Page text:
By Tanvi Dhulia Nov. 26, 2017
I realised being polite in a local train is as effective as the guys who are hired to clean spit off the windows. So now I’m breaking bad.
could be Rani Mukherjee from Black, and I’d still know I’m at a train station in Mumbai from the smell alone. Every morning, lakhs of miserable, sweaty, smelly bodies proceed to enter those tiny compartments and externalise their worst impulses, and I move one step closer to finally buying myself that rugby apparel I always wanted.
At 5’4”, I’m about the average height for an Indian woman, but size gives me no advantage in this royal rumble. There is always a group of huge women blocking the entrance to the train, because “Malad/Dadar pe utarna hai”. I attempt to charge at them with all my strength, but just as I’m about to gain footing, an aunty-ji will flick her wrist and take me out of the race. The aunty will then continue to stare at me unflinchingly as I pick myself up off the floor, and all my dreams of ever making it home come crashing down.
Getting into a train is simply the beginning of the trial; something as harmless as stepping on a person’s toe can kick off a shit storm. Initially I would meekly accept my fate, and nurse my toe, counting down to the beautiful moment I could leave this godforsaken train. But the pacifist in me died a hundred deaths within the first month of train travel. Now I’m the kind of bitch who’ll whip around and snap at anyone who’s complaining about being uncomfortable with, “Everyone’s uncomfortable!”. My death stare, flared nostrils and mouth clenching in slo-mo, is enough to bring any woman with a fish basket to her knees.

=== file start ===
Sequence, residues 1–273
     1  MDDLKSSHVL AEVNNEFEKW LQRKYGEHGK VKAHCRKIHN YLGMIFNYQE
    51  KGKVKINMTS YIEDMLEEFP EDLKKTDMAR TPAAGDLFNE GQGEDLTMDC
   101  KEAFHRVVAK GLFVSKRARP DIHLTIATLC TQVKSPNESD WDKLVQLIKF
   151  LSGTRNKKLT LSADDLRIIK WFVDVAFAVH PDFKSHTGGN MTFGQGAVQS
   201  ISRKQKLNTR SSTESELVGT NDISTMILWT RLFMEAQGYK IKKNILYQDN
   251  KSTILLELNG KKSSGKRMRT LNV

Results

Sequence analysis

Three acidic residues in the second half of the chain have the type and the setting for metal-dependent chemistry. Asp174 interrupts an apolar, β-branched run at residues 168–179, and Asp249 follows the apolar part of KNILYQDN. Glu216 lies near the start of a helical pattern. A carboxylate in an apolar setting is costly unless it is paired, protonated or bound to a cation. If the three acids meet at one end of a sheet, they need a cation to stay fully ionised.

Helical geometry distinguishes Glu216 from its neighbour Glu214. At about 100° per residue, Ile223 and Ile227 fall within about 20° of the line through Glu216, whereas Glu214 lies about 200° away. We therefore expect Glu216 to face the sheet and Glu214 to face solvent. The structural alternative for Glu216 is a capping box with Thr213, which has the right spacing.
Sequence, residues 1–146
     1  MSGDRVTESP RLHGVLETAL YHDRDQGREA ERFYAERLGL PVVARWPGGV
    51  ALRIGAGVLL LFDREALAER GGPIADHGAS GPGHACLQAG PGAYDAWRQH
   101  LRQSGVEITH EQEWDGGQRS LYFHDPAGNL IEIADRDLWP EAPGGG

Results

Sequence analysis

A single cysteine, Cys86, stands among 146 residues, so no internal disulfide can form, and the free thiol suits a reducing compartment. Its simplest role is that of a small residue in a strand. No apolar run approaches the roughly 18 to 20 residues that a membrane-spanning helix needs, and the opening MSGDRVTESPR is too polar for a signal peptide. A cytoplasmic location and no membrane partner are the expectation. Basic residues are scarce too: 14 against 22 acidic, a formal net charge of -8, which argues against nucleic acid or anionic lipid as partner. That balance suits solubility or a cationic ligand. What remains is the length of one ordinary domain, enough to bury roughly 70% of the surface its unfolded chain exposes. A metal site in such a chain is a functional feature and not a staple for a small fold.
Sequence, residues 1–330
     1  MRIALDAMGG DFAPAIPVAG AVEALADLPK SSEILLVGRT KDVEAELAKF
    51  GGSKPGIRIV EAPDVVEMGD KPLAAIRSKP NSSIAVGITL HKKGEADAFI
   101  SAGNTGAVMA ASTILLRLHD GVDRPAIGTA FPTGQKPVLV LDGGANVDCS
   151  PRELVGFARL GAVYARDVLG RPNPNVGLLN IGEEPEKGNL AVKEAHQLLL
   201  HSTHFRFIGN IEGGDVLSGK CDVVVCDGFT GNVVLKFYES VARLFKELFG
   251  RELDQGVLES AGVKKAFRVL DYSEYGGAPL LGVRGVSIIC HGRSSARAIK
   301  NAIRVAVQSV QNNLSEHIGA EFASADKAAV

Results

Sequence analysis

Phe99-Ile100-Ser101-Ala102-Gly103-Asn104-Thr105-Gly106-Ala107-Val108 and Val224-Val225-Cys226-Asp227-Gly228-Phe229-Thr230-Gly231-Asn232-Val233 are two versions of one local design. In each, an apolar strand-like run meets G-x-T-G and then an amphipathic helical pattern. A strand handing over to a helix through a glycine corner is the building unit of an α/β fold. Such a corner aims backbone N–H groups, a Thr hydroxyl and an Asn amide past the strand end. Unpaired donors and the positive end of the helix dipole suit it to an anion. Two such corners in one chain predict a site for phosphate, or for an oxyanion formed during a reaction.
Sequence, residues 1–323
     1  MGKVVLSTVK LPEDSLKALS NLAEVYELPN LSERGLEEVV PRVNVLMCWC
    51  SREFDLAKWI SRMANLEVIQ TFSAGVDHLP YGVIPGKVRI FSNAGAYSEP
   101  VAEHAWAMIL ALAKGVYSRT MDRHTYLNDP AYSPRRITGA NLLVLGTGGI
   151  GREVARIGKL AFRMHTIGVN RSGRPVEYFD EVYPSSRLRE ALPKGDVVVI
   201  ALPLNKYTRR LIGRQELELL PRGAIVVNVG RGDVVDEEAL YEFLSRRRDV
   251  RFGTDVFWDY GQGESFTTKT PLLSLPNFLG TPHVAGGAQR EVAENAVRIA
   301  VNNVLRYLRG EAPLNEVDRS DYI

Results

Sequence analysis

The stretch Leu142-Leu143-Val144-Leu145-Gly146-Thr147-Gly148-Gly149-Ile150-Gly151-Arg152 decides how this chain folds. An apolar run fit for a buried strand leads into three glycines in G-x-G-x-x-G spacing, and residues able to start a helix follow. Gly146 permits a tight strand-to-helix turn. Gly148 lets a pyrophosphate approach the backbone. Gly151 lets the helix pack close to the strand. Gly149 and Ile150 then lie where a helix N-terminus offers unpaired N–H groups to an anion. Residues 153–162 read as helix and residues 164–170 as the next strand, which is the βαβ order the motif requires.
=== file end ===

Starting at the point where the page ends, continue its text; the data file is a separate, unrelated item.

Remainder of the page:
I’ve come to terms with the fact that I’m breaking bad. The crowds cower when they meet my cold glare. There are aunties who comment something along the lines of, “ladkiyan aise thode na karti hai,” but fuck ‘em.
It took a while but I eventually realised that being polite to people in a local train is about as effective as the guys who are hired to clean spit hanging off the windows. I could make an oath to do an hour-and-a-half of yoga every morning before setting out on my journey, but the moment someone drops a bit of bhel on me, I will turn into Satan’s spawn. Now, I’ve come to terms with the fact that I’m breaking bad. The crowds cower when they meet my cold glare. There are aunties who comment something along the lines of, “ladkiyan aise thode na karti hai,” but fuck ‘em.
One morning I channeled my inner Uma Thurman from Kill Bill when I successfully leapt into the compartment and slammed straight into another woman, knocking the wind out of her. When she recovered from the mild trauma, she turned to me and said, “Relax.” Her audacious response triggered two mental calculations: One: How do I kill a woman in a train without using my hands or legs? (It was rush hour.) And two: How was she so goddamn chill, and why was I so angry?
I unclenched, and stared at her. In that brief second, it hit me. It’s not her fault. It’s not mine either. The city is bursting at its seams, and the transport system is barely managing to keep it together. All we want is to get home. She and me. Sometimes we’re good, sometime’s we’re bad, but we both know there’s only one way to handle the commute if you don’t want to change your DNA and become someone you never want to be. A whole lot of patience. Also, it helps to remind yourself that no matter how bad it seems, it could always be worse. At least we don’t share our train network with packs of feral dogs like Russia, or have a special fetish for rubbing against someone in the train like Japan (or maybe scratch that last one). Whatever it took, in the end, I didn’t kill her.
Somewhere deep in the heart of the Mumbai local, there is a lesson in humility. But sadly none of us have the time to learn it when we’re balancing on one leg and trying to avoid getting sucked into someone’s armpits for the third time in a day.